Read D&C 26:2 and D&C 28:13 with class members. What is the principle of common consent? (See D&C 20:65; 42:11. It is the practice of showing that we are willing to sustain those who are called to serve in the Church, usually by raising our right hands.) How can the principle of common consent protect us from being deceived? (It allows us to know who has been called to preside and administer in the Church, thus keeping us from being deceived by the claims of those who have not been properly called.)
Display a chart of current General Authorities (see “Preparation,” item 3). Emphasize the blessing we have of sustaining these leaders and following their counsel.
We should study the scriptures and the doctrines of the Church
Read D&C 1:37 and D&C 33:16 with class members. Explain that throughout the Doctrine and Covenants, the Lord teaches the importance of studying the scriptures. How can studying the scriptures and the words of latter-day prophets help us avoid being deceived? (Answers could include those listed below.)
We can better discern the truthfulness of ideas by comparing them with the truths we learn from the scriptures and our current leaders.
President Harold B. Lee taught: “If [someone] writes something or speaks something that goes beyond anything that you can find in the standard Church works, unless that one be the prophet, seer, and revelator—please note that one exception—you may immediately say, ‘Well, that is his own idea.’ And if he says something that contradicts what is found in the standard Church works, you may know by that same token that it is false” (The Teachings of Harold B. Lee, ed. Clyde J. Williams , 540–41).
Scripture study strengthens our testimonies so we are less likely to become complacent in righteousness or to be influenced by false doctrine.
President Lee taught, “If we’re not reading the scriptures daily, our testimonies are growing thinner, our spirituality isn’t increasing in depth” (The Teachings of Harold B. Lee, 152).
How has studying the scriptures protected you from being deceived?
We should recognize that the things of God will always edify us
The Prophet Joseph Smith explained that soon after the Saints were settled in Kirtland, “many false spirits were introduced, many strange visions were seen, and wild, enthusiastic notions were entertained; men ran out of doors under the influence of this spirit, and some of them got upon the stumps of trees and shouted, and all kinds of extravagances were entered into by them; … many ridiculous things were entered into, calculated to bring disgrace upon the Church of God, to cause the Spirit of God to be withdrawn” (History of the Church, 4:580). Concerned by these excessive spiritual displays, the Prophet inquired of the Lord. The revelation in D&C 50 is the Lord’s response.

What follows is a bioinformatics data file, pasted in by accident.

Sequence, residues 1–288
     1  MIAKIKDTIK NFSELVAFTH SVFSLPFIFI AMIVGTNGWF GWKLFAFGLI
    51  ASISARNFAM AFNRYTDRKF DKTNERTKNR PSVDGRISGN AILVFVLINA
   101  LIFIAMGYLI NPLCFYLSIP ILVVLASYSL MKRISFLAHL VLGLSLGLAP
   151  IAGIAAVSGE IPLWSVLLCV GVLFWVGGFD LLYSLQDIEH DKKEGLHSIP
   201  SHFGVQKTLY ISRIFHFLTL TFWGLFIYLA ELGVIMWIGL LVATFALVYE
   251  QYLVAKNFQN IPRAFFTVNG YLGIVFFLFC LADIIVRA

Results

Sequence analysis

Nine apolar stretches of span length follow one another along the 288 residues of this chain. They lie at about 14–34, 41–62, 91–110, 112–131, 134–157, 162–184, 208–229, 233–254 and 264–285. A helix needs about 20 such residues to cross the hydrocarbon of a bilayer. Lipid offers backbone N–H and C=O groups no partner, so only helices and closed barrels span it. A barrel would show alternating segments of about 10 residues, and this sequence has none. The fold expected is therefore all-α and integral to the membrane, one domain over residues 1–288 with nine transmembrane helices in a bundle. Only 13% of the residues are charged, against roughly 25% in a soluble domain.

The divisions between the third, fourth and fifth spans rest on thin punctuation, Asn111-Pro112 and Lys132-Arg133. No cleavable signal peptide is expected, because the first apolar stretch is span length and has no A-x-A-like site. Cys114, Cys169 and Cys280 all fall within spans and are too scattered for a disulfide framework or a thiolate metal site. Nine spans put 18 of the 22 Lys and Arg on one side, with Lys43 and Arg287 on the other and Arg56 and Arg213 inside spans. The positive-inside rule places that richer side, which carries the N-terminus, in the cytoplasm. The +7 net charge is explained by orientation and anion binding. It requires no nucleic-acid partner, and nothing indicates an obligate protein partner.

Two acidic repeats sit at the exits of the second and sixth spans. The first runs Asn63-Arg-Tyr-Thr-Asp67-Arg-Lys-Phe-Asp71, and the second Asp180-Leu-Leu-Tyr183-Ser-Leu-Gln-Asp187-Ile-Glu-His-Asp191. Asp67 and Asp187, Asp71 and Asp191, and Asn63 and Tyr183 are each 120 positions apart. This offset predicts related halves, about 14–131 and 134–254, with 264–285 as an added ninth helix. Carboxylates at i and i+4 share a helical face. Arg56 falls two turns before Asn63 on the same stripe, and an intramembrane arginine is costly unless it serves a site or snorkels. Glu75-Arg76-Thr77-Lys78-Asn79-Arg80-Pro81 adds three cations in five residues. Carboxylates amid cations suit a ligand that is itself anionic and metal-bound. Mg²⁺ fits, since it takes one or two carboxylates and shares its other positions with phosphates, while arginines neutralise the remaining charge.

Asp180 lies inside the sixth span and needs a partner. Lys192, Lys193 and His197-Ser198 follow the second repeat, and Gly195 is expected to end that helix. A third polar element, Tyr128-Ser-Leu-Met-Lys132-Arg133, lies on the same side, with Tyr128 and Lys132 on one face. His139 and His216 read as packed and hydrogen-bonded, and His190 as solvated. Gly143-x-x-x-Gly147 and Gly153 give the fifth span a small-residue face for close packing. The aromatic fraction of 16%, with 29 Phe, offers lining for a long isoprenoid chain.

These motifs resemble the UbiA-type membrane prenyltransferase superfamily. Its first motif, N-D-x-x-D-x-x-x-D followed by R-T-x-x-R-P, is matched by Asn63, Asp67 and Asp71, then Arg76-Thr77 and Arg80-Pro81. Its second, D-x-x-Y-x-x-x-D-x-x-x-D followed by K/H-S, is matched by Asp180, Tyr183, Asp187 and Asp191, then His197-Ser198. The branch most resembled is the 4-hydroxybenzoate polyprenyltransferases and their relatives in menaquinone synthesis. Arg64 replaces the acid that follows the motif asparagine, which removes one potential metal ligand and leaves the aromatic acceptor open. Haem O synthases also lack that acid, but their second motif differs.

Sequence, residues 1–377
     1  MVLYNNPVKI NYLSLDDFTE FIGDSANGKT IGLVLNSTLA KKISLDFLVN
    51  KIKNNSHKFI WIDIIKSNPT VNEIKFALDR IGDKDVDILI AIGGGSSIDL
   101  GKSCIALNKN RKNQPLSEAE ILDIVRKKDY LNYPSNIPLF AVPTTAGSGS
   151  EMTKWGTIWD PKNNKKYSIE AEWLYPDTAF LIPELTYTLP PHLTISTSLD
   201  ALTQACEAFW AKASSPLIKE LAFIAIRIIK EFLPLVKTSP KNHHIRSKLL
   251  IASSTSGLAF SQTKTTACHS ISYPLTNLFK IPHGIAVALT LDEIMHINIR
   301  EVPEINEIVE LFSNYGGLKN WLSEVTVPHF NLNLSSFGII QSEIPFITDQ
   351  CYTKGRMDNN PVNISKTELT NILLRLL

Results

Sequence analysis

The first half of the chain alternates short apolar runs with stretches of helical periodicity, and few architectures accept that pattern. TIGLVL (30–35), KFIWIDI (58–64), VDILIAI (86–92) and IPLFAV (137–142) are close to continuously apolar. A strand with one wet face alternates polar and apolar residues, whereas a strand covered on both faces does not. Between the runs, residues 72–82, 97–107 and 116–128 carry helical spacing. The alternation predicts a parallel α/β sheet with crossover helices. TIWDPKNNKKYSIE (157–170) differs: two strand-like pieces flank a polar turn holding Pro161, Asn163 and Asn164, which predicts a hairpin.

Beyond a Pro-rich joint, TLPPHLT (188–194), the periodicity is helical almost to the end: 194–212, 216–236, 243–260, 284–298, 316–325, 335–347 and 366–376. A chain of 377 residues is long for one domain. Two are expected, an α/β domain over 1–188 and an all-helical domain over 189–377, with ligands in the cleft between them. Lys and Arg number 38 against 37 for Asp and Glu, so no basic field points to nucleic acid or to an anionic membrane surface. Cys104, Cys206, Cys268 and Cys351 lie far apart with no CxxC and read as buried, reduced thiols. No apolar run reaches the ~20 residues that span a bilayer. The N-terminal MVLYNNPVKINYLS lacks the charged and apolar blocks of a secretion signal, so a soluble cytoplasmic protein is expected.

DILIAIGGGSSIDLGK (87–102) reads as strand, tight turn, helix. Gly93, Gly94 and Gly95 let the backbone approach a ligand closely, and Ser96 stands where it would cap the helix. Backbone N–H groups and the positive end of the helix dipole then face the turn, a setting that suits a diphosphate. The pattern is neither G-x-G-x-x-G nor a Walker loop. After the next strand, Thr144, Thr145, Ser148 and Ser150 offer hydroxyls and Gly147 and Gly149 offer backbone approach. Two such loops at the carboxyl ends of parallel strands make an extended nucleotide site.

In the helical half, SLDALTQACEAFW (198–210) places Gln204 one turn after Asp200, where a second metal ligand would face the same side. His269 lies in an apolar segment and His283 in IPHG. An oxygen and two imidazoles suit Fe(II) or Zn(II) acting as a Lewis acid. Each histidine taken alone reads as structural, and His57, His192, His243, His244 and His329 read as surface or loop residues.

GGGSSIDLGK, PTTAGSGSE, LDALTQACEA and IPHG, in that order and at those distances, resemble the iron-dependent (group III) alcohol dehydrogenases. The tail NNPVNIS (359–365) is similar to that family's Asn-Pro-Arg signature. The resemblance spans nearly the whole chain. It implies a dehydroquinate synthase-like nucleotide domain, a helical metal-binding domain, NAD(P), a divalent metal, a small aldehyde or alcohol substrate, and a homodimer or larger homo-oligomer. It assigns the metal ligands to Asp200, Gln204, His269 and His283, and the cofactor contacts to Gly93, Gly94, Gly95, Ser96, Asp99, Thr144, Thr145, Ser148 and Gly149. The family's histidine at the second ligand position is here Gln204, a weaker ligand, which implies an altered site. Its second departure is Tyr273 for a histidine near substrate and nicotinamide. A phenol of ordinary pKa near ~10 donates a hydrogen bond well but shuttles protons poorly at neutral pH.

Read D&C 50:17–24 with class members. What do these verses teach about how we can discern the things of God from the things of Satan? (The things of God will edify us by enlightening our minds and helping us grow spiritually. They make us want to follow the Savior and improve our lives. The things of Satan will do the opposite.)
President Joseph Fielding Smith taught: “There is no saying of greater truth than ‘that which doth not edify is not of God.’ And that which is not of God is darkness, it matters not whether it comes in the guise of religion, ethics, philosophy or revelation. No revelation from God will fail to edify” (Church History and Modern Revelation, 2 vols. , 1:201–2).
We should apply the Lord’s pattern for protecting ourselves from being deceived
The Lord revealed D&C 52 the day after a conference in Kirtland. In this revelation He provides a pattern by which we can avoid being deceived.
Read D&C 52:14–19 with class members. According to these verses, what are the characteristics of teachers who are “of God”? How can the pattern that is given in this passage help us avoid being deceived?
Review the deceptions of Satan that can lead to apostasy. Review the counsel the Lord has given for protecting ourselves from deception. Emphasize that as we follow this counsel, the Spirit of the Lord will keep us in the way of truth. As prompted by the Spirit, testify of the truths discussed during the lesson.
Additional Teaching Ideas
You may want to use one or both of the following ideas to supplement the suggested lesson outline.
1. Activity to introduce the first section of the lesson
Prepare a note for each class member. Each note could contain a short message of appreciation or an assignment to read a scripture in class or to participate in some other way. However, spell each person’s name wrong in some small way. Distribute the notes at the beginning of the first section of the lesson to introduce the story of Simonds Ryder and the other stories in that section.
2. Additional counsel about how to strengthen ourselves against apostasy
Elder Carlos E. Asay of the Seventy specified the following things we can do to strengthen ourselves against apostasy:
Avoid those who would tear down your faith. …
Keep the commandments. …
Follow the living prophets. …
Do not contend or debate over points of doctrine. [See 3 Nephi 11:29.]
Search the scriptures. …
Do not be swayed or diverted from the mission of the Church. …
Pray for your enemies. …
Remember that there may be many questions for which we have no answers and that some things have to be accepted simply on faith” (in Conference Report, Oct. 1981, 93–94; or Ensign, Nov. 1981, 67–68).